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Spotlight and Daylight Cruise Survey of Deer: Collecting and Interpreting Data

Interpreting Data

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The information in the appendix (tables 1-7: download all tables) was collected on the Noble Research Institute's D. Joyce Coffey Ranch located west of Marietta, Oklahoma. Deer spotlight and daylight cruise survey data have been collected on the Coffey Ranch since 1988 but are so voluminous only the 1995 data will be listed.

Survey Summaries and Density Calculations

Tables in the appendix list data from five spotlight surveys and several daylight cruise surveys conducted on the Coffey Ranch in 1995.

The information from tables 2-7 will be summarized for the total numbers of bucks, does and fawns. Now the "unidentified deer" column on the spotlight and daylight cruise survey form becomes important. Buck : doe and doe : fawn ratios should be obtained from totals excluding sighting groups with unidentified deer to eliminate as much sampling bias as possible. However, when the number of deer per acre is calculated, the unidentified deer groups should be included. Daylight cruise survey information should not be used to calculate the number of deer per acre because there are no visibility estimates.

Figures 3 and 4 summarize the number of deer sighted excluding and including unidentified deer.

Next, calculate the total number of acres observed. For simplicity, visibility estimates from only one spotlight survey in 1995 are listed (table 1). The total number of acres observed is needed before the number of deer per acre can be estimated. Totals from the spotlight surveys including that for unidentified deer will be used to calculate density. (Several years ago, we began estimating visibility during each survey; formerly, we estimated it once after the last survey was completed. Multiple visibility estimates allow acreage calculations from the yearly average of all surveys' visibility estimates. Visibility must be estimated each year because of changes in vegetative cover.)

figure 3

figure 4

The following procedure includes data from table 1 to calculate the estimated total number of acres observed. A better estimation results from averaging multiple visibility estimates:

  1. calculate average width of the left side (76 yards)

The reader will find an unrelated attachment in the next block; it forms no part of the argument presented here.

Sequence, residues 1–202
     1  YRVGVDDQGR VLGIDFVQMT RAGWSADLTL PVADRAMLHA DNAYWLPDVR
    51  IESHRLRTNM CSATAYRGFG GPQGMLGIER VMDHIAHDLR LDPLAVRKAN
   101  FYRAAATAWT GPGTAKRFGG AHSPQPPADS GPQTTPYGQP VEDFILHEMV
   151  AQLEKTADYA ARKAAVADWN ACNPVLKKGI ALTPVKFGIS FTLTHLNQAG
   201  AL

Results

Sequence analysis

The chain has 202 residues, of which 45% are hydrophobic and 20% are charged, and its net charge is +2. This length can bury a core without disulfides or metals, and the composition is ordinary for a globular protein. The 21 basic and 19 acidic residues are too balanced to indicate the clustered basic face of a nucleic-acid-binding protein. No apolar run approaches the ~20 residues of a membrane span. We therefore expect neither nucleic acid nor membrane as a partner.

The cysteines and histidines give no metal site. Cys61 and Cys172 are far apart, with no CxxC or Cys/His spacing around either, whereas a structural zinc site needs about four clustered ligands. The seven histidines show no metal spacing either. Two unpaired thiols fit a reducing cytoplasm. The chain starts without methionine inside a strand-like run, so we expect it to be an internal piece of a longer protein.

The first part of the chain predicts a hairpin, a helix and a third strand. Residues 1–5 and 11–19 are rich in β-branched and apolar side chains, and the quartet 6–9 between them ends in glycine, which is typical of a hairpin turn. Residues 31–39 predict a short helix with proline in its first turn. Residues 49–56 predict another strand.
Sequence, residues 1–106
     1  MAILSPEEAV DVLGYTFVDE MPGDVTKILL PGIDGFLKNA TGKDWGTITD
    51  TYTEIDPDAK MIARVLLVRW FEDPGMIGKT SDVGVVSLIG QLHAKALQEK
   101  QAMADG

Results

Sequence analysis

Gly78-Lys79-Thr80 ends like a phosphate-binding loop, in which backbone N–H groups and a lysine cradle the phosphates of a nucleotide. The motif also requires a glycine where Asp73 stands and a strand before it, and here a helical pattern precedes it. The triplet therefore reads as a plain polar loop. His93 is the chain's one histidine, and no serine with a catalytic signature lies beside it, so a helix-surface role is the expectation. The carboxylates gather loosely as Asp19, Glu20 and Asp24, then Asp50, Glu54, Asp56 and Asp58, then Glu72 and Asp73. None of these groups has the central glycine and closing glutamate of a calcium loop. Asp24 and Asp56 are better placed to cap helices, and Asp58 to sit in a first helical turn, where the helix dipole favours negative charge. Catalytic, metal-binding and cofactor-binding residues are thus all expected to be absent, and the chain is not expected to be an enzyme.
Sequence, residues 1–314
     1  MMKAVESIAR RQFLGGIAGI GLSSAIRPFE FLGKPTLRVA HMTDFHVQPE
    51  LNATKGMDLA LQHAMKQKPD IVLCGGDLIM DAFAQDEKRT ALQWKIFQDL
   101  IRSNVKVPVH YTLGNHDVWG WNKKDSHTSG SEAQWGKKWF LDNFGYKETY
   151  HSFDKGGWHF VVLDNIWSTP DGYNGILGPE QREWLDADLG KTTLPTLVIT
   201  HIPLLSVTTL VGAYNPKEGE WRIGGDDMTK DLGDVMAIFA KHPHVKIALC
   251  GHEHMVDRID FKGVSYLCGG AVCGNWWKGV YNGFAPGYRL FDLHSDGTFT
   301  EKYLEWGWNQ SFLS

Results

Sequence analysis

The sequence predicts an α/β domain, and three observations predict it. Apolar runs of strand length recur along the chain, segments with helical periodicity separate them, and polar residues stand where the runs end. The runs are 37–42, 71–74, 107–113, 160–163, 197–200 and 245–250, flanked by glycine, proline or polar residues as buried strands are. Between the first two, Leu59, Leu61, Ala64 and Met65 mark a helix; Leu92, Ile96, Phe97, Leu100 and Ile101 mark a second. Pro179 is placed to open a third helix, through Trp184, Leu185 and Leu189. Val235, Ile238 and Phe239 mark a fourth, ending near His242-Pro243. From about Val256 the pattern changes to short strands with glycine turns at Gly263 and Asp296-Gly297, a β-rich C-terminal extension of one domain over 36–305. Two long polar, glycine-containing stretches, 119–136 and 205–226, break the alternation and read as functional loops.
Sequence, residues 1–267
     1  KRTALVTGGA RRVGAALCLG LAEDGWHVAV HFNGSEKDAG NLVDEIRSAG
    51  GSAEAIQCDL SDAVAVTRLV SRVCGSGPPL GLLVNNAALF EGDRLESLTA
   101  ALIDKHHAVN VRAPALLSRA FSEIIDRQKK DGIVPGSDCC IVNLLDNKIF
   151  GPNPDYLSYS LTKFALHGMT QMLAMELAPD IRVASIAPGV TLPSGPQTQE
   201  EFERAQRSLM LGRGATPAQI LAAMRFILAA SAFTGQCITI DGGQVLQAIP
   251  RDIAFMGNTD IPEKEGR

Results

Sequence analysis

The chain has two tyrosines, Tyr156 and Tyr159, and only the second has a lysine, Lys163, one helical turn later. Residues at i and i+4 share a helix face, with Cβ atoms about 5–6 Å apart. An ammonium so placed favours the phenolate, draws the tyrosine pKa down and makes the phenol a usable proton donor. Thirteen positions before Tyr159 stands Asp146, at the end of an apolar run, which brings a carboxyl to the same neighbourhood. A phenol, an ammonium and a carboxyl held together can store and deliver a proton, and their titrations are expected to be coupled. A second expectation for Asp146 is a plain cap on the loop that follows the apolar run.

2. calculate average width of the right side (58 yards)
  3. calculate average width of the entire route (76 + 58 = 134 yards)
  4. calculate length of the route in yards (7.5 miles [from odometer readings] x 1760 yards/mile = 13,200 yards)
  5. determine square yards in route (134 yards x 13,200 yards = 1,768,800 square yards)
  6. calculate acres observed (1,768,800 square yards/ 4,840 square yards per acre = 365 acres)

To calculate the estimated number of deer per acre, use the following formula:

  1. average number of deer sighted per spotlight survey (figure 4) [(15 + 34 + 23 + 31 + 41)/5] = 144/5 = 29
  2. acres per deer (365 acres/29) = 13

The estimated number of acres observed for all five 1995 spotlight surveys was 345. Divide that number by 29 to estimate acres per deer: 12. The total deer population now can be estimated. The Coffey Ranch is about 2,568 acres; divide that figure by 12 acres per deer for a total estimated deer population of 214 (figure 5).

figure 5

figure 3

Ratios, Composition, and Structure

From the approximate deer population on the Coffey ranch, the numbers of bucks, does, and fawns can be estimated and are best expressed as ratios (buck : doe, fawn : doe), composition (percentage of bucks, does, and fawns), and structure (number of bucks, does, and fawns).

Information from the deer sightings, excluding groups with unidentified deer (figure 3) and daylight cruise surveys is used in the following examples to demonstrate the calculation of population ratios, composition and structure.


Buck : doe and doe : fawn ratios are very useful in deer herd management and, when coupled with other information, help the manager understand yearly changes in the herd. For instance, the Coffey ranch's 1995 fawn : doe ratio was 0.62:1, which is lower than that in previous years (figure 5). The deer population for that year, however, was higher than it had been since 1987; a typical response to the deer population's exceeding carrying capacity is a decline in births.